When you have finished reading this document, you should be able to:
- justify the need to reflect on design when creating documents and presentations;
- list some basic design principles for (re)creating documents and presentations;
- evaluate and improve text-based materials based on basic design principles
Have you ever watched a toddler learning to walk?
It's easier to learn if there aren't any obstacles in the way. In this photo, the child won't have much difficulty.
What if the child tried to walk on this uneven path?
You can see there are a number of obstacles which could trip them up!
In an educational setting, we don't want obstacles in the way when our students are learning.
Please keep quiet and take care of your children. No romping in potato.
This text is legible; we can read the words.
The text is not readable because we cannot easily decipher the meaning.
Toilet: one place one dream
Again, this text is legible but not readable.
The text in this example is unreadable (it's a bit fuzzy) and also a bit illegible, which is why it has been included below.
Meet a bossy taste
Many non local officials due to the local situation awareness is not deep. Or to the local history, local customs and practices such as no interest. The product is of no great importance in politics, indifferent. It is a temporary disguising.
Even though the legibility of the text has been improved by including it above, it's still quite unreadable.
Types of Fonts
There are two (arguably three) types of fonts. The first we’ll look at is the serif font.
Serif fonts have extra parts called serifs and the stroke—or line thickness—often varies.
These extra parts and varied stroke widths help your eye to flow from one letter and one word to another. This supports fluent reading and is ideal for longer texts such as paragraphs. It’s more readable for paper-based text.
Serif fonts are used in pretty much every textbook and every book you’ll see in a bookstore and library, except, perhaps, in the young children’s section.
Sans Serif Fonts
Sans-serif fonts don’t have these aesthetic additions. The letters tend to be of equal width and take slightly more time to read (milliseconds more, so not too much of a difference).
Sans-serif fonts are ideal for headings, sub-headings and short text.
However, differentiating between the lower-case L and the capital i can be challenging.
The larger text above is sans-serif but it has some subtle serifs on the letter L and at the base of the a and d. This makes some words (such as ILL) easier to read.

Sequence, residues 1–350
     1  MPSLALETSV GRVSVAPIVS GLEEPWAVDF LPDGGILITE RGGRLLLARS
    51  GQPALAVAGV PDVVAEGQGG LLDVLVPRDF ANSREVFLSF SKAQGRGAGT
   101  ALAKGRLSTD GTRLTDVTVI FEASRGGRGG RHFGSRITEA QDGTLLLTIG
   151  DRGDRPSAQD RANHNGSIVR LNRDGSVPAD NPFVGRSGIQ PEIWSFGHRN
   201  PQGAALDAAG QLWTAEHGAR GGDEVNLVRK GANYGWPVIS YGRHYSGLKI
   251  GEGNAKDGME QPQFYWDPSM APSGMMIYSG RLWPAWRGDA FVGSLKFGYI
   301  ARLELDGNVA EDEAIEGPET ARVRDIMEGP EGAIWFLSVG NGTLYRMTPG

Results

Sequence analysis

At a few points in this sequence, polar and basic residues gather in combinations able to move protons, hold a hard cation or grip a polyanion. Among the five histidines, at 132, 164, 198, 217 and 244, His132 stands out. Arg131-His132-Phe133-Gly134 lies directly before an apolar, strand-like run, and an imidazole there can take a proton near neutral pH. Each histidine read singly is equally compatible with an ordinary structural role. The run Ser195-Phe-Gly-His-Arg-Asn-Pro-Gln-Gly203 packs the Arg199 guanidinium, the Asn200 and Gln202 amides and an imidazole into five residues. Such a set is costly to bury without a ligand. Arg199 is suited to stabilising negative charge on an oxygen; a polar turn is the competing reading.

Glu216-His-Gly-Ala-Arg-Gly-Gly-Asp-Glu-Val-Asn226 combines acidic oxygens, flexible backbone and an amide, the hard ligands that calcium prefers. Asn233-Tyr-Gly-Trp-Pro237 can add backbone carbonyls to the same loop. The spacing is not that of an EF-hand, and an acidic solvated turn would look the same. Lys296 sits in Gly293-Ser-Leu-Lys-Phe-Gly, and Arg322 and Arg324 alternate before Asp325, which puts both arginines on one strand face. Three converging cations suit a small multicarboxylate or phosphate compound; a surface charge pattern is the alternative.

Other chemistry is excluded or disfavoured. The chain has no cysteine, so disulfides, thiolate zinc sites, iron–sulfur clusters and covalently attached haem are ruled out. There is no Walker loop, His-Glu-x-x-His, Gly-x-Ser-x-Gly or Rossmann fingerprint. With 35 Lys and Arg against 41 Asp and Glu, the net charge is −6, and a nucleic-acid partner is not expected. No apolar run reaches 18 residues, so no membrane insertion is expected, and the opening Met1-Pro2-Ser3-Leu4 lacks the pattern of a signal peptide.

The outline of a word is called a bouma.
Every word typed completely in capitals (also known as uppercase or all caps) has the same bouma—a rectangle.
But if we were to trace this word in lowercase capital letters, we would find a distinct shape.
Our eyes use these boumas to help identify words.
By 1965, road signs were changing based on the Worboys report to look like this.
What do you notice about the fonts?
They're not in all caps. Why?
Drivers in the UK were slowing down on the new motorways (highways) at every junction in order to read the road signs. Worboys' research identified that by changing the place names on the signs to lower-case (except for the capital letter, of course), drivers were able to continue at speed (thus reducing accidents).
Text which is left-justified has a straight left edge and a ragged right edge. Your eye uses the ragged right edge as a visual clue in order to identify the next line of text. This makes it easier to read and less likely you’ll re-read the same line of text
Fully-justified text has a straight left edge and a straight right edge. While more pleasing to the eye as a whole, it is more difficult to read as the eye has less support in finding the next line.
Have you ever read the same line in a book more than once? Fully-justified text also creates wider gaps between words which makes it more difficult to read particularly if large words are used. Have you ever come across extraordinarily large gaps in the text of a newspaper? These are caused by the inclusion of exceptionally or extraordinarily long words.
Created with an image by Adi Goldstein - "Pointing As You"